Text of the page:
The July 17, 2009, bombing of two international hotels in Jakarta has once again brought home to the need for Bali to be unfailingly diligent in keeping the island safe for both residents and villagers. To Bali's credit, travel industry leaders, island administrators and local police authorities huddled within hours of the Jakarta bombing to tighten controls on Bali's public places and hotels, determined to make Bali a tough target for any aspiring terrorist.
But, any attempt by Bali to bolster existing systems and procedures in order to keep the island safe from those intent on its destruction, runs into a brick wall when trying to impose order and rules on a system where so many elements operating outside the law. On an island rife with unlicensed taxis, illegal money changers, un-registered tour guides and illegal villa operators - Bali officials are frustrated at every turn whenever they try to improve security protocols on the island.
While Bali's official transportation organizations, registered money changers, Association of Indonesian Travel Agents, and Hotel and Villa Associations are committed to cooperating in every way with local law enforcement in making the island "terror proof" – the simple fact that the great number of illegal tourism and accommodation providers operate "off the screen" diminishes any real effectiveness of attempts to tidy up and bring into line the numerous loose ends of Bali's security situation.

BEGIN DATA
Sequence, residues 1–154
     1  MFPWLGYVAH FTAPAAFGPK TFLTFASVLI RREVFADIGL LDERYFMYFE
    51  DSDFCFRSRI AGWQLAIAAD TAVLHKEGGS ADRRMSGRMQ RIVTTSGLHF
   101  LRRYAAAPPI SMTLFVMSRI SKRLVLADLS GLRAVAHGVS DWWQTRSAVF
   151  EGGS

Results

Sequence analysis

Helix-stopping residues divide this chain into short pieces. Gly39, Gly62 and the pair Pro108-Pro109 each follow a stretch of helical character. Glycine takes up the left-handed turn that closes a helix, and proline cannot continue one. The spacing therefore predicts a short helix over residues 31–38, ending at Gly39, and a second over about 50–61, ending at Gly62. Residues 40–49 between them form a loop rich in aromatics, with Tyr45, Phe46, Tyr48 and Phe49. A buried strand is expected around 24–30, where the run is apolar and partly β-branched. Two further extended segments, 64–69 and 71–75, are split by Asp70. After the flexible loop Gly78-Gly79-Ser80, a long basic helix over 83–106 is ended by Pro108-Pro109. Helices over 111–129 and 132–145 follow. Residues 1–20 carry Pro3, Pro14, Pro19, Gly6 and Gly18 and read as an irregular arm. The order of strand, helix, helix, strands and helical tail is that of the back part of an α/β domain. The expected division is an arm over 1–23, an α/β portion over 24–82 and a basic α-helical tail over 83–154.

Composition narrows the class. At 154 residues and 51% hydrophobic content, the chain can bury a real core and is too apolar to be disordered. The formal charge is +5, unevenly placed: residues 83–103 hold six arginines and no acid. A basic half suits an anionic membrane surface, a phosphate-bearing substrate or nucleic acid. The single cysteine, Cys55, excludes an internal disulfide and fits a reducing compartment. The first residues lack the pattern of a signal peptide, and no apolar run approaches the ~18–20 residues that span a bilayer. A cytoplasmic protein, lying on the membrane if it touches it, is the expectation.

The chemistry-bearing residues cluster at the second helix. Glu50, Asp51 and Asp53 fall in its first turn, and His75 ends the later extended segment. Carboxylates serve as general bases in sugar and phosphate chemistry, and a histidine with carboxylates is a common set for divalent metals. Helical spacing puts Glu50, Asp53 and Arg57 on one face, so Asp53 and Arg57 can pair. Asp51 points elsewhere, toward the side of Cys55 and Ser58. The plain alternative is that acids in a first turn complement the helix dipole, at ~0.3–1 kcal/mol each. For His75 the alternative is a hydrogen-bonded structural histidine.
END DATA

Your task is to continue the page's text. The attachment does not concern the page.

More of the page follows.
This fact is surely not lost on terrorists, who have proven themselves most adept at varying tactics to take full advantage of weaknesses and vulnerabilities. Because of this, if Bali suffers future attacks, no one should be overly-surprised to discover that the perpetrators laundered their funding sources through one of the island's many illegal money changers, traveled across Bali's roads scouting targets in illegal taxis, and sought accommodation as "unregistered guests" from illegal private villa operations.
Tourism services secured in this great underground of the Bali's tourism industry won't show up on the screens of local law enforcement; a fact that will suit just fine both terrorists and the gypsy tourism operators seeking to avoid any kind of official regulation.
The need for strict enforcement of tourism licensing rule is a chorus long and frequently heard in Bali. Legitimate tourism operators regularly scream for the government to enforce the "social covenant" and close down illegal money changers, travel agents, transportation providers and villa operators who steadfastly refuse to register their business, be governed by travel industry rules or pay their fair share of the tax burden.
The argument most frequently employed against these illegal operators who are answerable to no one, is that they pose a genuine threat to tourism by engaging in shady activities that destroy Bali's international tourism image.
The crippling effect these scofflaws have on Bali's efforts to improve its security situation and the latest terrorist attacks in Jakarta, have made this great underbelly of illegal Bali tourism operators the "elephant in the room" whose presence can no longer be ignored.
The continuing failure to clean up Bali's tourism regulatory environment is putting much more than the island's image at stake. Indeed, getting the island's travel industry in line has suddenly become a matter of life and death.
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